Antonio Banderas was talking to reporters on a Hollywood red carpet when his first Zorro film premiered in 1998, and he looked stunned when he was told he might be the first modern day Latino action hero in Hollywood.
“Naaah,” the star of “The Mask of Zorro” said, though it was hard to say whether he was feigning surprise. “What about…”
He didn’t get to finish his answer, being rushed away to where wife Melanie Griffith was posing for photographers.
But Banderas might have had a difficult time completing his answer, for he had just stepped into the Hollywood landscape where there historically has been a dearth of Hispanic action heroes
Few, in fact, and most of the Hispanic action hero roles in recent times belong to Banderas, the Spanish transplant. He was the mariachi in “Desperados” and Che in “Evita,” just to name a few.
Fifteen years later, there is little change in the number of Hispanic action heroes, so much so that former notorious movie villain Danny Trejo is being touted as just that – the new Hispanic action hero – in “Machete Kills,” the much anticipated September release of the sequel to “Machete.”
Shortage of Hispanic action heroes in Hollywood
“There is a definite lack of Latino film heroes,” Luis Reyes, author of Hispanics in Hollywood: A Film and Television Encyclopedia, says of the obvious shortage.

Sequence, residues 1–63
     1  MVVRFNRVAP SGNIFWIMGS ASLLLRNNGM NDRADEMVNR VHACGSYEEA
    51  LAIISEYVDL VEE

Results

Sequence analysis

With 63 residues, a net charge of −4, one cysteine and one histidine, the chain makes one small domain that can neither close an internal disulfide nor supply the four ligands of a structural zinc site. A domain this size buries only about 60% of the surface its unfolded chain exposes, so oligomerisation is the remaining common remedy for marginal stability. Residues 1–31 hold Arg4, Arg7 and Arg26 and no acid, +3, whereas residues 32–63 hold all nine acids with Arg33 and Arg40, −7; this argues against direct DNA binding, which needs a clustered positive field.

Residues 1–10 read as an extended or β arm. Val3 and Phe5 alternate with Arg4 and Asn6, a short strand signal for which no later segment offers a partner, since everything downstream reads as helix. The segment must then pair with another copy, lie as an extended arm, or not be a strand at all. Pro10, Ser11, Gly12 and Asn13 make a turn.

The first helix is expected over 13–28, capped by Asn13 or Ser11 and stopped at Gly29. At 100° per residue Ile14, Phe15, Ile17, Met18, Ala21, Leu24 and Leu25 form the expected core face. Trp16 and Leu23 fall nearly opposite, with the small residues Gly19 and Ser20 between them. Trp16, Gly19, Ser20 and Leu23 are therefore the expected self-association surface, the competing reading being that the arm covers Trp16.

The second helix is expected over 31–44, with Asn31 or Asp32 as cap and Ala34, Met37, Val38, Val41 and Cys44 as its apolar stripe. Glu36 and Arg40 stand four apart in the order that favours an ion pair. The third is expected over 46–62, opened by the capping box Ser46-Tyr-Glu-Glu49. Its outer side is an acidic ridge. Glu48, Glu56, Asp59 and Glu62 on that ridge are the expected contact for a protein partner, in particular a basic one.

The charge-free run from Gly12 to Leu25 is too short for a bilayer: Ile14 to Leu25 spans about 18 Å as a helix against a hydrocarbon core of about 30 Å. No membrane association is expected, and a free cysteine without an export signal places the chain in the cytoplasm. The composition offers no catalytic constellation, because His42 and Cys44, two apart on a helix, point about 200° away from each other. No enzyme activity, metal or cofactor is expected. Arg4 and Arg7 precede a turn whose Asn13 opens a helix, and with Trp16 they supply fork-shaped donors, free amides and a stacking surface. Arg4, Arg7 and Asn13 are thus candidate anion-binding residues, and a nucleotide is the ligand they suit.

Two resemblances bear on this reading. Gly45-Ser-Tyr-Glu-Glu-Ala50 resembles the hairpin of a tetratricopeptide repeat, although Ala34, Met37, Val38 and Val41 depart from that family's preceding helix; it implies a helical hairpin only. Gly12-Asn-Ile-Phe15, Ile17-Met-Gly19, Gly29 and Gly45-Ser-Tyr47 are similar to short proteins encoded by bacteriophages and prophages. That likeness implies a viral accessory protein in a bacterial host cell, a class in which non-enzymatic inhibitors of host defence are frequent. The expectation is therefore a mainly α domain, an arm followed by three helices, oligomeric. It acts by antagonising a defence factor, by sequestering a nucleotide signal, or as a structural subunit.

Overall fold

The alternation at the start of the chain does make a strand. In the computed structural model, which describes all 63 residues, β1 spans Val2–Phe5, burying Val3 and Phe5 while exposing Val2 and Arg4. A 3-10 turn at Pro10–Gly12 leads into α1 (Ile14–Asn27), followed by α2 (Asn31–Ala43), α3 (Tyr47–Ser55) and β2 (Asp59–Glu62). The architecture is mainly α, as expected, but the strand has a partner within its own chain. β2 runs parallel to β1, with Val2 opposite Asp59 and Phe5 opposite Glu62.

“Most movies, whether intentionally or unintentionally, are a reflection of our society and the spirit of the times. There has always been a preponderance of bandidos, servants and whores, and these are the overwhelming images you see because of the racism that permeated in this country.”
Filmmaker Robert Rodriguez, director of the “Machete” and the “Mariachi” film franchises, agrees but isn’t alarmed, suggesting that perhaps great action heroes aren’t all that unique to Hollywood.
“I mean if you look at some of the best action heroes, they’re not American,” Rodriguez, who insists his “Machete” sequel could change things, told Ponder 360. “James Bond is British. They add a flavor to it by not being from here. It makes it exciting.
“It’s really cool. It really is going to be a classic, especially amongst Latins. They’re going to really love it. It really is made with that kind of attention to detail. It really is the first Latin super-hero in Hollywood cinema.”
The problem, say Hollywood insiders, has long been the absence of filmmakers like Rodriguez as well as of producers in company town where most studios can’t even point to one Latino production vice president.
But that is changing, if only because Hollywood has recognized the movie-going power of Latinos, who make up roughly one-third of the population in America’s top 15 movie markets and go to twice as many movies as other Americans.
Universal not long ago teamed with Pozo’s Arenas Entertainment to launch the industry’s first major Latino film distribution company.
Insiders says that the real consummate Hispanic action hero might just be the gigantic Hispanic movie-going force.
Ultimately, though, the question of Latino action heroes goes back to Hispanic leading movie role – which are as few as leading men, and historically seems to go back to Zorro.
In a 1998 essay “The Face of Zorro,” Valdez recalled watching a Zorro film as an eight-year-old Mexican-American boy in 1948 as “the myth of the romantic Latin hero… was born.”
And, he argues, the meaning of Zorro continues to puzzle Latinos.
“To an 8-year-old migrant Chicano kid,” he wrote, “it was a revelation, and the start of a strange mystery: Who is this guy who’s supposed to be me? And for the last 50 years, as a playwright, activist and filmmaker, I have been looking under his mask.”
Originally published on VOXXI as Missing in action: The Hispanic action hero